CBS Blackout Leads To Increase In Pirating Of That Show With The People Under The Dome

utdomgCBS’s Under the Dome is typical summer network TV junk food — it might not be up to standards of great shows, but it’s on and it will do until the fall season starts up in a few weeks, so people are watching it. Now that Time Warner Cable customers in the nation’s two largest markets and several others can no longer watch the weekly goings-on of the trapped residents of Chester’s Mill, Maine, viewers are going to the Internet to get their fix.

The folks at TorrentFreak looked at the download rates of the most recent episodes of Under the Dome for people in affected markets like L.A., NYC, and Dallas.

Before the blackout, when people could get the show on TV rather easily, about 10.9% of downloads were from the markets affected by the TWC blackouts. Since TWC and CBS stopped talking to each other last Friday, that jumped to 14.6% of all Under the Dome downloads in the U.S., a 34% jump in just a week.

Downloaders in NYC more than doubled. Before the blackout, they only accounted for 1.3% of Dome downloads. Post-blackout that surged to 3%.

It’s possible this is just a fluke — maybe more people just really wanted to watch Norrie and Joe walk around holding hands and theorizing about the dome, or see if poor Angie could manage to get re-re-re-kidnapped. If the blackout persists, TorrentFreak will be able to look at the long-term impact of the blackout on illegal downloads; it it ends, the world may never know…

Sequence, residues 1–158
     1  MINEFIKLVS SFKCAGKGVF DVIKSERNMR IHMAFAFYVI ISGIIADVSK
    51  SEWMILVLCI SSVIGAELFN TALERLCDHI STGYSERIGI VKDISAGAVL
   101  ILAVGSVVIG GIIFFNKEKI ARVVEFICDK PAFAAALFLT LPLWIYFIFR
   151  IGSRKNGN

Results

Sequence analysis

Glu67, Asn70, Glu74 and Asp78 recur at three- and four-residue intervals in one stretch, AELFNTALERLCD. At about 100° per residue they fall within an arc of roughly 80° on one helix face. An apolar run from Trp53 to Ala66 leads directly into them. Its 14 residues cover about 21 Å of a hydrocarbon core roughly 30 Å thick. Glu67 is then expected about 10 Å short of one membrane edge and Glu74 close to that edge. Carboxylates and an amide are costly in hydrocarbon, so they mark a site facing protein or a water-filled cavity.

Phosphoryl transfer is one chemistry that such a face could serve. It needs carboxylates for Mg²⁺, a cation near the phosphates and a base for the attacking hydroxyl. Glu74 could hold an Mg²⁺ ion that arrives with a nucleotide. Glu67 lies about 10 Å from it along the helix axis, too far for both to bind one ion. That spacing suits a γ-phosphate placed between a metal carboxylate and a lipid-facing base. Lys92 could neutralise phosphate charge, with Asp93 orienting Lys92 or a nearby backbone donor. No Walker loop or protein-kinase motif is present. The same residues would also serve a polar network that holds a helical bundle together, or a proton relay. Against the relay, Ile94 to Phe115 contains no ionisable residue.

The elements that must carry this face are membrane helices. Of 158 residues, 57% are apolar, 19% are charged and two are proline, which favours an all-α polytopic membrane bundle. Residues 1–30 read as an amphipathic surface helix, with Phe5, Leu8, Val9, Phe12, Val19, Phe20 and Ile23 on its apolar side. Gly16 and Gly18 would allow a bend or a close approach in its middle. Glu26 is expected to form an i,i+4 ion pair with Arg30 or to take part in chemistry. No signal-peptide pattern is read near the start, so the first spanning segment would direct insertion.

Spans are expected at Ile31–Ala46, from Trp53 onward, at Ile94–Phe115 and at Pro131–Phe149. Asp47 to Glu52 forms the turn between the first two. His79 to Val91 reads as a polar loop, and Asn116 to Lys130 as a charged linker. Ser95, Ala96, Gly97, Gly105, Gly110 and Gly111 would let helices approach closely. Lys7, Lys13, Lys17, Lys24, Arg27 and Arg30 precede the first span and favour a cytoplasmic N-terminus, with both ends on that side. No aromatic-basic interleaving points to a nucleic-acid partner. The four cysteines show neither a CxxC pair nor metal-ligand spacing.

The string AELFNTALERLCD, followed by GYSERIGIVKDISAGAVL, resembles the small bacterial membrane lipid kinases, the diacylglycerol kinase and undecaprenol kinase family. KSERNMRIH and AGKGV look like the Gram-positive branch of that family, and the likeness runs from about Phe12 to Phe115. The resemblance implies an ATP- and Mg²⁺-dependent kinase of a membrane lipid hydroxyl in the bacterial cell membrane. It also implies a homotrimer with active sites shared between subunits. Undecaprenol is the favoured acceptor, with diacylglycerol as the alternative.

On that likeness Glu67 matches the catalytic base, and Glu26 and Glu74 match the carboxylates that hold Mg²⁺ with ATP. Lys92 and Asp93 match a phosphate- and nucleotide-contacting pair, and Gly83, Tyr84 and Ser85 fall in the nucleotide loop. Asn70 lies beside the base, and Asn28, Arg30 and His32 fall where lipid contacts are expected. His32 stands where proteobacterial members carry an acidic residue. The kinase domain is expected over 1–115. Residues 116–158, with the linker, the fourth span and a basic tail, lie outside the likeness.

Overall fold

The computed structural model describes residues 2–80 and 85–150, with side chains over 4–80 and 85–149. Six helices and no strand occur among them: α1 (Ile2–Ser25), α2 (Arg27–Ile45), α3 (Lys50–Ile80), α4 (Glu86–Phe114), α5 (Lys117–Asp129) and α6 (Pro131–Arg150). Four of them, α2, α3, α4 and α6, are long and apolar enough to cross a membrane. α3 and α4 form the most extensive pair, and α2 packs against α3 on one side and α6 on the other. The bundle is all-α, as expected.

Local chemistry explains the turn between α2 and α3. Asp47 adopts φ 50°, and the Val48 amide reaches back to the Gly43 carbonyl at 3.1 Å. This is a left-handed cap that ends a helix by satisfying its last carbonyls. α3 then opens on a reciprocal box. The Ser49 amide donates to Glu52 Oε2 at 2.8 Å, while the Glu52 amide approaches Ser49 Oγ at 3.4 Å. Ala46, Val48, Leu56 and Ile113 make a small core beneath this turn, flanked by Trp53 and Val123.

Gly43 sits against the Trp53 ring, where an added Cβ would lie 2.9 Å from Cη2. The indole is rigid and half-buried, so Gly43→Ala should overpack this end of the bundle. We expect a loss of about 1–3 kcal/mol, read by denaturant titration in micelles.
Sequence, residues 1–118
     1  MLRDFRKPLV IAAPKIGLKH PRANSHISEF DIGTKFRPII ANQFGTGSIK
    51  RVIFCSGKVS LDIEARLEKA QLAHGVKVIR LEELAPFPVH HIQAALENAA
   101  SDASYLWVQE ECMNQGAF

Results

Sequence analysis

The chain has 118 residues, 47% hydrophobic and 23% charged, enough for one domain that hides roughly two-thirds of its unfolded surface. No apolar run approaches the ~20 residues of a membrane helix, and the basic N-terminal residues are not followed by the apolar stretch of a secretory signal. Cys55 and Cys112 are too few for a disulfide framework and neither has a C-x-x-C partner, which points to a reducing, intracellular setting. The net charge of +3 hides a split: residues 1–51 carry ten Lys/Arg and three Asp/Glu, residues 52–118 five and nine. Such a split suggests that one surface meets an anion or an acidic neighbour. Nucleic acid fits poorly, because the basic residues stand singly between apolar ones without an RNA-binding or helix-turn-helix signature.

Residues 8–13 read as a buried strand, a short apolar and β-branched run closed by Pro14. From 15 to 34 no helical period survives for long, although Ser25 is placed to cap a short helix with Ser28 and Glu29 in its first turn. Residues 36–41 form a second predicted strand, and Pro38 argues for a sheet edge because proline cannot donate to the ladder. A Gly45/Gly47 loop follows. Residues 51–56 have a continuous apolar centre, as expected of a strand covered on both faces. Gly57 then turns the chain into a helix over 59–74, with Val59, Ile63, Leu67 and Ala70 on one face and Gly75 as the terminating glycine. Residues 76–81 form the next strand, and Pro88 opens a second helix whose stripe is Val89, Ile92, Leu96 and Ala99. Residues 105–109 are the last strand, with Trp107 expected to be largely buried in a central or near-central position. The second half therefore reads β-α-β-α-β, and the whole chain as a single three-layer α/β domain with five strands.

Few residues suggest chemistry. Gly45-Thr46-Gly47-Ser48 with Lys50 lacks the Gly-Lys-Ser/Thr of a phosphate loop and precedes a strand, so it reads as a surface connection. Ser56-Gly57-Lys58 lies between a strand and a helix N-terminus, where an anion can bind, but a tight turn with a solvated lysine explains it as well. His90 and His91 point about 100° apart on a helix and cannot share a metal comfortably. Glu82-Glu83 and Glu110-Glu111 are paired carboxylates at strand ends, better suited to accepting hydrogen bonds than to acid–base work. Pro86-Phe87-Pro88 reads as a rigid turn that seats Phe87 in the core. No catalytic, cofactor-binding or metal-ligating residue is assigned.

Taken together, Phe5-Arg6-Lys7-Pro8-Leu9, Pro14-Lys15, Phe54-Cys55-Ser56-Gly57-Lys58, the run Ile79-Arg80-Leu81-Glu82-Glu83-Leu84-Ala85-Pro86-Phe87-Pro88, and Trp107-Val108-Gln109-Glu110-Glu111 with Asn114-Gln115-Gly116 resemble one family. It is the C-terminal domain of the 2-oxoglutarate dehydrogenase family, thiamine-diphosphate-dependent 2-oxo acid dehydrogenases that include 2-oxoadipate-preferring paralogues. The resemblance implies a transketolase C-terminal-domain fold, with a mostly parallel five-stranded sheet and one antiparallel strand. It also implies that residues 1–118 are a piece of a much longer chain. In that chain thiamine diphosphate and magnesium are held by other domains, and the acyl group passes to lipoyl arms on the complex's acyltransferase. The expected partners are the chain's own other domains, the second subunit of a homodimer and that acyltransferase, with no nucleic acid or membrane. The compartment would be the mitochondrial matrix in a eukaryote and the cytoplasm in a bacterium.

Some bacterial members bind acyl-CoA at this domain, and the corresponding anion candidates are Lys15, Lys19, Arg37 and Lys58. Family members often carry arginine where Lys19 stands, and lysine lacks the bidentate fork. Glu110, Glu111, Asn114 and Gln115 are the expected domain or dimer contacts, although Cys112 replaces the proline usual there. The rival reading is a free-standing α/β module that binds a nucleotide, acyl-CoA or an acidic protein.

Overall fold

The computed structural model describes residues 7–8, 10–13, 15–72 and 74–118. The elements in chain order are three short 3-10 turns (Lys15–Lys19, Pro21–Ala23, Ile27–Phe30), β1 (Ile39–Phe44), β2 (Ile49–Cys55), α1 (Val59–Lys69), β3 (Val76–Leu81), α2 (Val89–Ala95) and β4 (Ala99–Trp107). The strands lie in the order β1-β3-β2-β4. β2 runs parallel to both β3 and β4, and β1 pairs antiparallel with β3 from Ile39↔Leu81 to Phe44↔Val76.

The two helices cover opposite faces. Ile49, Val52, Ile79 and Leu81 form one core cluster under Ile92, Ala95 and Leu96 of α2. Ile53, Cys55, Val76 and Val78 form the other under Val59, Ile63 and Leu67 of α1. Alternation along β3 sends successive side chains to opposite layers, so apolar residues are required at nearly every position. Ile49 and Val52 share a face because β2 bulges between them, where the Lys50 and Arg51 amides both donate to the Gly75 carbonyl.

In other TWC blackout-related news, the cable company announced earlier this week that there are other big-time blackout possibilities on the horizon, including basic cable faves like Lifetime, E!, Style, Turner Classic Movies, and the NHL Network.

On Tuesday, Sen. Ed “Biz” Markey of Massachusetts wrote a letter to Acting FCC Chair Mignon Clyburn asking her to please intervene on behalf of consumers in this blackout.

“I make no representations as to the merits of either side’s position, as they are contractual discussions between private parties,” wrote Markey. “Nevertheless, I encourage both parties to remain engaged in good faith negotiations, and I also request that the Commission take action to bring the parties together so these negotiations can be concluded in an equitable and expeditious manner. I believe the public interest would be best served if carriage is restored by the parties at the earliest possible time so that consumers are not long caught in the middle.”

Markey took particular concern with CBS’s decision to block freely available to all TWC customers, regardless of whether they are TWC cable customers are not. In addition to people who only want Internet access, many DirecTV and Dish customers in the affected markets use TWC as their Internet provider but not for anything TV-related.

“A consumer’s choice of cable television provider should not be tied to her ability to access Internet content that is freely available to other consumers,” wrote Markey. “In such instances, consumers lose their freedom to access the Internet content of their choice. This is an anti-consumer result that I urge the Commission to investigate, and I encourage the Commission to actively defend Internet freedom and consumer rights.”

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